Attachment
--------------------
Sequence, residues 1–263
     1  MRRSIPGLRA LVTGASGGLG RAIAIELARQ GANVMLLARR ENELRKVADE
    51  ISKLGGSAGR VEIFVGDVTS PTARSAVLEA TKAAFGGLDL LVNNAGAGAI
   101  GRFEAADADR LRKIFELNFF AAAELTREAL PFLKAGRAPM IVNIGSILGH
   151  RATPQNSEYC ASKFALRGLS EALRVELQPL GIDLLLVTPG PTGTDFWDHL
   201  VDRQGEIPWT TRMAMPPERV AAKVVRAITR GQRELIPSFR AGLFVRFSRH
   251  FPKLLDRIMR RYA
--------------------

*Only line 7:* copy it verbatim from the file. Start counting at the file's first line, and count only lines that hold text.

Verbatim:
   251  FPKLLDRIMR RYA